Overdose Deaths-Alarming New Data Released
OverDose Deaths: Just another expanding tragedy taking young Americans to their graves.
Drug overdose deaths are on the rise, as highlighted in a December’21 report released by the National Center for Health Statistics. I follow the opioid epidemic closely as one of the public health initiatives I work on has to do with opioid abuse and community-level initiatives to stop it. That, and it’s killed a lot of people I graduated high school with. A few others, including a once sweet and talented athlete and friend, is in jail for robbery which he took up to fund his opioid addiction. Good friends of my parents had to come out of retirement and go to work so they could support and raise their daughter’s children after she got addicted to opioids. One of my good friend’s brothers was found dead in a hotel room with a needle in his arm. I could go on…I’m from one of those small towns in rural Pennsylvania that got slammed with the opioid epidemic. I’m not into torture, but I wouldn’t pass on the opportunity to waterboard The Sacklers and everyone at Purdue Pharma who knowingly lied to the public and killed people.
The opioid epidemic was the “top pandemic” if you will prior to COVID-19, then it got put on the backburner. While COVID is now the top pandemic we are slowly paying attention to the opioid epidemic again, namely because it’s gotten so much worse during COVID times and fentanyl is always in the news for killing people. Not only is fentanyl now the number 1 cause of death for 18-45 year olds, but it is being put in everything…even weed! I live in NYC where smoking weed is pretty well normalized. Lots of people smoke weed all the time now, and it’s terrifying to think that even that is being laced with fentanyl. I think we should make fentanyl testing strips available everywhere, essentially strips that can detect the presence of fentanyl in drugs. Hand them out at parties, drug stores, football games, book stores, put them in vending machines…everywhere. Unfortunately they are controversial due to a puritanical “war-on-drugs” philosophy that is both silly and ineffective.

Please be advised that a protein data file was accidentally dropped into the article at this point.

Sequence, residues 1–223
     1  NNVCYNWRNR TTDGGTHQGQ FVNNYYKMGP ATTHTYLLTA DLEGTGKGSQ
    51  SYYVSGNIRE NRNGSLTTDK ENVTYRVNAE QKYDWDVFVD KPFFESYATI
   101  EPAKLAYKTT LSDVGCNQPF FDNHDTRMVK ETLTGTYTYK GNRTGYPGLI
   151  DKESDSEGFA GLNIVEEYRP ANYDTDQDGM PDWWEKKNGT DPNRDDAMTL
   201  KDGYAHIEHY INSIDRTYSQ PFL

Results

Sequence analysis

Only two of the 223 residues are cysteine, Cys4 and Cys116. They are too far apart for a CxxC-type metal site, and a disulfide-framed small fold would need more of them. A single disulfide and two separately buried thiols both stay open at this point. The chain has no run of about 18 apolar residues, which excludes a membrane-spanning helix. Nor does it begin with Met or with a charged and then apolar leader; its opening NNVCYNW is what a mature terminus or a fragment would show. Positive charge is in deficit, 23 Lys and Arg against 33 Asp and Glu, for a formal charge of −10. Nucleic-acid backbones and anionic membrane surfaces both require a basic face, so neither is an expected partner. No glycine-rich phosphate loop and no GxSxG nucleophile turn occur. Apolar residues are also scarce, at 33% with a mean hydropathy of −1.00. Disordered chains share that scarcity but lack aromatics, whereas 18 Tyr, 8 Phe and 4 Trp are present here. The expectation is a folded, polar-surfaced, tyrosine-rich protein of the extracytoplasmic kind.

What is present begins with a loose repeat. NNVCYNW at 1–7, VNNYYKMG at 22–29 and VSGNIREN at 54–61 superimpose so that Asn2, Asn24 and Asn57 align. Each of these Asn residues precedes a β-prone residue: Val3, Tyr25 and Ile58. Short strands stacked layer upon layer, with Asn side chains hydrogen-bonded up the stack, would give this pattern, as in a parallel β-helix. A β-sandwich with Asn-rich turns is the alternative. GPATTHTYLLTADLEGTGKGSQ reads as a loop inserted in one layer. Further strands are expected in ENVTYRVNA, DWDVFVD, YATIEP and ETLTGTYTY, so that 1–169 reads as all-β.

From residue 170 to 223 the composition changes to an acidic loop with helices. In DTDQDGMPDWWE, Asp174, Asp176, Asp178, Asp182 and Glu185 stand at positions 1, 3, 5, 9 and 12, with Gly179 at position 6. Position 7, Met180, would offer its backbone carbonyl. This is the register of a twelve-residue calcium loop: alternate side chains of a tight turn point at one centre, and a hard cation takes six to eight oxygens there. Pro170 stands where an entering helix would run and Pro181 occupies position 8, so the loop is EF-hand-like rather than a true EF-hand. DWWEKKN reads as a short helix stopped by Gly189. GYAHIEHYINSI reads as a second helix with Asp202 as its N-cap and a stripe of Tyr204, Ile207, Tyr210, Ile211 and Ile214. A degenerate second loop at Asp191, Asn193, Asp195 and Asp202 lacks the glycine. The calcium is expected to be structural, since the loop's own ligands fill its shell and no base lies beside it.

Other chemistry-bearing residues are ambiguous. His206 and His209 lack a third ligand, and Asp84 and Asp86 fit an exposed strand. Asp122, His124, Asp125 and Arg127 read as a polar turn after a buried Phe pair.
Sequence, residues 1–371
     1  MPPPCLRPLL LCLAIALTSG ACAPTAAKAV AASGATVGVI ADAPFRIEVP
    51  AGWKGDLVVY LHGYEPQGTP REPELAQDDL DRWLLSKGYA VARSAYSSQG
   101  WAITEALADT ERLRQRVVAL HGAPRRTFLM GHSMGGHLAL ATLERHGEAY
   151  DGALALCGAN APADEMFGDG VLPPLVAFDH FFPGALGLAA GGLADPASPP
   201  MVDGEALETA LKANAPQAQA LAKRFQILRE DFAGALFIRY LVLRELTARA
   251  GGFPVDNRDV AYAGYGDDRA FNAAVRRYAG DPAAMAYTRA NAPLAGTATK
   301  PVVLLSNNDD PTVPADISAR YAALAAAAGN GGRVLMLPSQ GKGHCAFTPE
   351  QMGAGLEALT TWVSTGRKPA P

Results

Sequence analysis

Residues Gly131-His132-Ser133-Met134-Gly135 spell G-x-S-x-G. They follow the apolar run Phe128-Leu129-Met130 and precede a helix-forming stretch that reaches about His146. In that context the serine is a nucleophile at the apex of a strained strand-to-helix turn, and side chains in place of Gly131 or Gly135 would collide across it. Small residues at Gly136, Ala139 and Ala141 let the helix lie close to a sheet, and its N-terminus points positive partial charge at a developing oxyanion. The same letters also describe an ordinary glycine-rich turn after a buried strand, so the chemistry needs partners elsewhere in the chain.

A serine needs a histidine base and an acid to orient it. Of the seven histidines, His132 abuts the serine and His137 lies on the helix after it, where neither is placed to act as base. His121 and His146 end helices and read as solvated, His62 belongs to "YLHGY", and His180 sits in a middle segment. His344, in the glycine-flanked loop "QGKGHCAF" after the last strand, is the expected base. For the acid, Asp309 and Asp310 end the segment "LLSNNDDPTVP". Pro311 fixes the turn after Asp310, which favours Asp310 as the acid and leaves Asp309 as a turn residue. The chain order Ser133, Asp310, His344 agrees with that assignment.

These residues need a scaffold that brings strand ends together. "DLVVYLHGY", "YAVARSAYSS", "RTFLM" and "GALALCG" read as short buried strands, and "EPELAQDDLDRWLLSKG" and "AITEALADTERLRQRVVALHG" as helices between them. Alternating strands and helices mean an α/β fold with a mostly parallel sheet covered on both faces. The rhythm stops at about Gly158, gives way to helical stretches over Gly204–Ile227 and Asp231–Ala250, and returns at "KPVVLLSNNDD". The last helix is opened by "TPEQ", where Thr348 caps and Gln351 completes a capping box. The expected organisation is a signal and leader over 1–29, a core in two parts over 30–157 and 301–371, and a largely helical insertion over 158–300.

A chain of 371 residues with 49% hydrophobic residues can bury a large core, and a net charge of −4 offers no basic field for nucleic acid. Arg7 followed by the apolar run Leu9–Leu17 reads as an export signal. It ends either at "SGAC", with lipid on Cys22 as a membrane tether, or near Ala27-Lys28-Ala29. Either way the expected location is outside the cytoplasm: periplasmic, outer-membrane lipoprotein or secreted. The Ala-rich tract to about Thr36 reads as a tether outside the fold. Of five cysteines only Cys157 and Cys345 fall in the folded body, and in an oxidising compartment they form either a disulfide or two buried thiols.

There is no question that COVID made the opioid epidemic worse. That’s what happens when you ignore an epidemic for a pandemic. A few months ago, I interviewed Dr. John Kelly, an opioid addiction specialist at Harvard Medical School, on how the COVID pandemic changed then opioid epidemic. It’s a fascinating listen, because he gets into the how/why someone with addiction is wired to do worse during a pandemic and when he/she is most likely to relapse. You can listen to it here.
The latest statistical report released by the NCHS covers overdoses from 1999-2020. Some of the higlights include:
91,799 overdose deaths in 2020, which is a 31% increase from 2019. The rate increased in ALL age groups over 15 years of age.
For each year ( 1999-2020), the rate of overdose deaths was higher for men than women.
The rate of overdose deaths in 2019 and 2020 was highest in 35-44 year olds and lowest in those over the age of 65.
The rate of overdose deaths increased for ALL races from 2019-2020. American Indians and Alaskan Natives has the highest rate while Non-Hispanic Asians had the lowest.
The largest increase (44%) in overdose deaths from 2019-2020 was in Black Americans and Hawaiians or other Pacific Islanders. (This data trends with a recent study I read in the American Journal of Public Health that showed a 40% increase in opioid-related overdose deaths in Black Americans relative to Whites between 2018-2019.) It’s very concerning to think about those increases (which are not small) when also considering that the COVID-19 pandemic has been harder on Black Americans than Whites.
Since 2016, the rate of overdose deaths specifically due to opioids are mostly due to synthetic opioids, like fentanyl. Between 2019-2020, the rate increased 56%.
In summary, those are some pretty alarming statistics. I realize we aren’t out of the woods yet when it comes to COVID-19, but we really need to focus on getting the drug overdose and opioid crisis under control, sooner than later. We will never be in a situation where there is 0 risk of COVID, meaning we can’t put all of our resources and attention towards it forever and let everything else go to Hell.
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